In an attempt to shed its web-based search roots in favor of a mobile-only media format, Qwiki today is unveiling an iPhone app that looks to channel the noise of mobile over-sharing through curated storytelling. The release leverages the combined success of the company’s iPad app and publishing tool, which allowed content creators, media organizations, and everyone in between to develop guided story-telling experiences around any subject.
CEO Doug Imbruce says that the new app aims to give users an alternative way to discover, capture and share moments while on-the-go by automatically pre-selecting a user’s best pictures and videos and creating a video-based slideshow, complete with a soundtrack from your music library.
In 2010, Qwiki captured the TechCrunch Disrupt Cup, thanks to an ambitious product that sought to transform the way people consume information online. Like an interactive, multimedia version of Wikipedia, Qwiki essentially combined images, audio, and video for pretty much anything you could search for on the web into multidimensional, narrated movies. Controversial and well-funded by big names from the start, Qwiki has has had plenty of ups and downs and seen a number of changes in directions since. Two years later, Qwiki’s evolution has finally led to what it hopes will be its decisive pivot.
The idea with the new iPhone app, Imbruce says, is to give users the ability to share their experiences in real time, whether in full moments or experiences, packaging them in 30-second mobile videos. Users can watch, comment on, and “like” each piece of media individually, easily sharing those Qwikis via Facebook and Twitter, as well as within Qwiki’s community. This allows them to discover and interact with other Qwiki users, bloggers and media outlets, while customizing their video slideshows by adding or removing pictures and videos, inserting captions, selecting filters and editing the soundtrack auto-selected by Qwiki.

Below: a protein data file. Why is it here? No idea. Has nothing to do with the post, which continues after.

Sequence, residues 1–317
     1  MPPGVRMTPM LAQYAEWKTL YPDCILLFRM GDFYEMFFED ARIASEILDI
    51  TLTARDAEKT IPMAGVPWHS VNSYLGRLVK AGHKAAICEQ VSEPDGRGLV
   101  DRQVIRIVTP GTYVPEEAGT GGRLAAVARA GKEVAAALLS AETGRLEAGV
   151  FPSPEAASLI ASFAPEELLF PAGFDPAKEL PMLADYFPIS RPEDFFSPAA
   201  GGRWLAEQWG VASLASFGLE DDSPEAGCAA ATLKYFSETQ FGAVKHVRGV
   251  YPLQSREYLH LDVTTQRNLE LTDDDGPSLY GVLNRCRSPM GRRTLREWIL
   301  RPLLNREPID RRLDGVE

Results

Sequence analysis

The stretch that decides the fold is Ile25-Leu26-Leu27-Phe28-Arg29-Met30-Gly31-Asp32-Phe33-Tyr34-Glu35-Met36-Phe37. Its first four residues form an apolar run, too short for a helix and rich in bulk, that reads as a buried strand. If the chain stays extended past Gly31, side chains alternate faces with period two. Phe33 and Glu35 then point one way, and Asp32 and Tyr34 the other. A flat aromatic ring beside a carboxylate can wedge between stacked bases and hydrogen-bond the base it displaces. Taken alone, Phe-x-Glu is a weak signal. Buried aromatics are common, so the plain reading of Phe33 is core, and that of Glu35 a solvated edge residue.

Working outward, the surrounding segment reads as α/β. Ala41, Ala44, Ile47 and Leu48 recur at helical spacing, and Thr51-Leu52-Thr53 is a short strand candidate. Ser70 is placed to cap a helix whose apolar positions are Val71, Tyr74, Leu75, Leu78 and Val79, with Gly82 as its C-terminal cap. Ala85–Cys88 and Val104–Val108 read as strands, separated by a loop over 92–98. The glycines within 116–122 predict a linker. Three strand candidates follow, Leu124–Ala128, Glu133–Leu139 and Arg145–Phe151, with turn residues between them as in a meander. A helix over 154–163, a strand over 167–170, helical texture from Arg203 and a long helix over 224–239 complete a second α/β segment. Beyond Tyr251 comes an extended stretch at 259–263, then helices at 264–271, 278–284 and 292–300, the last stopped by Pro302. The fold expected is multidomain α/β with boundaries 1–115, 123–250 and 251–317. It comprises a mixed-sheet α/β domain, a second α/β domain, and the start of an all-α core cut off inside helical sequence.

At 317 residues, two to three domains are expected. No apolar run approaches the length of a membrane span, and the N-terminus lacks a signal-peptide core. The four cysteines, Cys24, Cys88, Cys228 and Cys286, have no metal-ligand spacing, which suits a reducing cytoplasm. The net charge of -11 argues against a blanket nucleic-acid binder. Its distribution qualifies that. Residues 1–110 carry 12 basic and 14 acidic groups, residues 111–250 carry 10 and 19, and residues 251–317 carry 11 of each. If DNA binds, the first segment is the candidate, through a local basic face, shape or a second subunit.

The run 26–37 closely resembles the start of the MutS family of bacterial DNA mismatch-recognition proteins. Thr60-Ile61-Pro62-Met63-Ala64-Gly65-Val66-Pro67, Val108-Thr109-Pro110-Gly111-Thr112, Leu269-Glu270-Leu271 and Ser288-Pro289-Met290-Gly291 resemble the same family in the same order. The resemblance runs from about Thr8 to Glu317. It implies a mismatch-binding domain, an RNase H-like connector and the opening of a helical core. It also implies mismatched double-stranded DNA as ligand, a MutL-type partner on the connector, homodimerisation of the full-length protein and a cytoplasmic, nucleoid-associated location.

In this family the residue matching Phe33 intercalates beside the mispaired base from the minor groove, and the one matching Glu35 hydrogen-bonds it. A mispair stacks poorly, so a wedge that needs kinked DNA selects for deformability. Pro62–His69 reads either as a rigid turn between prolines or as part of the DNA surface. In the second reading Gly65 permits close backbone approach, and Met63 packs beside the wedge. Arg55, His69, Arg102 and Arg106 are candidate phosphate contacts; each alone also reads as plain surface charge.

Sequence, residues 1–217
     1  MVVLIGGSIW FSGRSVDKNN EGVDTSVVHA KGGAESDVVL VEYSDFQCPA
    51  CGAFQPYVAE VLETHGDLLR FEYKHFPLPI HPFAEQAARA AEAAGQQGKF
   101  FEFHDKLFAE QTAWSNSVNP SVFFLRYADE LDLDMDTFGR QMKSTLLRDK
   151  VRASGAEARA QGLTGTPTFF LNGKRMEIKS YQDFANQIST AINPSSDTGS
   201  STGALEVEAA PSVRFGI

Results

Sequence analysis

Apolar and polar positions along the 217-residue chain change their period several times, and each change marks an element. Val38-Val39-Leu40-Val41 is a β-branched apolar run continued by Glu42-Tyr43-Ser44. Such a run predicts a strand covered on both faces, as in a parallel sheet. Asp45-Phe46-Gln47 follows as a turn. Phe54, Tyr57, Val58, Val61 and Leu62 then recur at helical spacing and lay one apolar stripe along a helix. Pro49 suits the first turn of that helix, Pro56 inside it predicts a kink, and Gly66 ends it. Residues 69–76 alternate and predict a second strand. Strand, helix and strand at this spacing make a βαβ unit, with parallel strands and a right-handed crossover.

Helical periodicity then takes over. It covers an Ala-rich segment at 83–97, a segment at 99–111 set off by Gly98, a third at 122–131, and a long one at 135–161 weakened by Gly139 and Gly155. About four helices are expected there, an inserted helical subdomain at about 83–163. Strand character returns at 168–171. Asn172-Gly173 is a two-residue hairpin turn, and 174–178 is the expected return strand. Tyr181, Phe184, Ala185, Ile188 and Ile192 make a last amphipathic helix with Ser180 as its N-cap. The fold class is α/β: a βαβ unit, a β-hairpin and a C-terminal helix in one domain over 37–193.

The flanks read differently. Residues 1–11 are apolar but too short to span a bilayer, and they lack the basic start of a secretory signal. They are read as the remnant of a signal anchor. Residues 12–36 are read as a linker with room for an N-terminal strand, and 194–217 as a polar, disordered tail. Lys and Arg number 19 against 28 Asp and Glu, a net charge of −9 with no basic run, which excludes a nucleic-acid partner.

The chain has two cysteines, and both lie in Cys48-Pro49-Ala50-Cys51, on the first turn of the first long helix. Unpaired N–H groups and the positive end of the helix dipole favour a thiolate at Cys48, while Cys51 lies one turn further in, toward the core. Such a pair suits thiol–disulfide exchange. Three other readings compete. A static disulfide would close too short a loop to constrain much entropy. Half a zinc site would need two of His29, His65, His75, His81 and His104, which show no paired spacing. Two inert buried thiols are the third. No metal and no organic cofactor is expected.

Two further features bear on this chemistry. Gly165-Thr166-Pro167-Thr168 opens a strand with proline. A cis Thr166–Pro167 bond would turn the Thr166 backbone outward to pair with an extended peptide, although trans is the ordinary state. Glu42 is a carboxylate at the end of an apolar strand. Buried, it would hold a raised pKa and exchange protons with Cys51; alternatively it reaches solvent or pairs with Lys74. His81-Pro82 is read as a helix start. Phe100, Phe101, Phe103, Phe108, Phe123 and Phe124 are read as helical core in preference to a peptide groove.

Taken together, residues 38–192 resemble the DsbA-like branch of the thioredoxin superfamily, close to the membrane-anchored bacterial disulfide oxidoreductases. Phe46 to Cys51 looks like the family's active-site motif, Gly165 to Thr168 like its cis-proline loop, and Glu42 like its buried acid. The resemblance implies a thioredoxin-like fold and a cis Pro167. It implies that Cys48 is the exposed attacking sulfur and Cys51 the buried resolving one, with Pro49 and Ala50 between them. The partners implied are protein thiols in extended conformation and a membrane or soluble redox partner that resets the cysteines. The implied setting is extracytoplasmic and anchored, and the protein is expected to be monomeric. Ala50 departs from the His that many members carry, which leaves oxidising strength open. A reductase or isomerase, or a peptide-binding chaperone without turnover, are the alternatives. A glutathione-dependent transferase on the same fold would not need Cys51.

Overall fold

In essence, the new Qwiki is like Viddy meets Slide (with automation), in that the app automatically pulls pictures and videos together from events you’ve captured on your phone and produces a short movie. The app automates those moments and the pacing between frames, adding its own transitions and pulling in an appropriate soundtrack.
If you don’t like what Qwiki has automatically selected, you can edit away. The whole thing is customizable, so you can add photos it missed, take out ones that include your ex-significant other, and add text and filters as you would for a slideshow. And to that point, Qwikis can be viewed either as reels or as actual photo albums, allowing friends, family and stalkers to explore your birthday, graduation, company barbeque (etc.) stories at their own pace.
Qwiki’s iPhone app has been in development for over a year, and that extra time spent shows. The user experience improves on that of its iPad app, especially for the iPhone 5, as Qwiki developed it significantly for the latest generation.
The CEO says that he believes this first version of its new mobile product will take it out of the realm of gimmicky novelty and into the realm of real utility, removing the hassle of curating your photos, links, videos and moments into galleries, instead giving you access to one-tap storytelling. Less work, more enjoyment. And, since Qwikis are embeddable, you can post them on your Tumblr or your friend’s website. Portable web-compatible Qwikis from a mobile-only world. Mind. Blown.
The app is still in invite-only beta, and the startup will be granting access gradually over the next few weeks. For readers interested in testing it out, click over to the Qwiki’s homepage here and enter your email address. The first 100 or so readers will get immediate access.
Qwiki is an industry leader in automated video production. Most recently, Qwiki released an iPhone app that automatically turns the pictures and videos from a user’s camera roll into brief, beautiful movies to share. The company’s initial product, an iPad application that created video summaries of over 3 million search terms, was downloaded more than 3 million times and named by Apple as the best Search and Reference application of 2011. After integrating this technology in the Bing Search...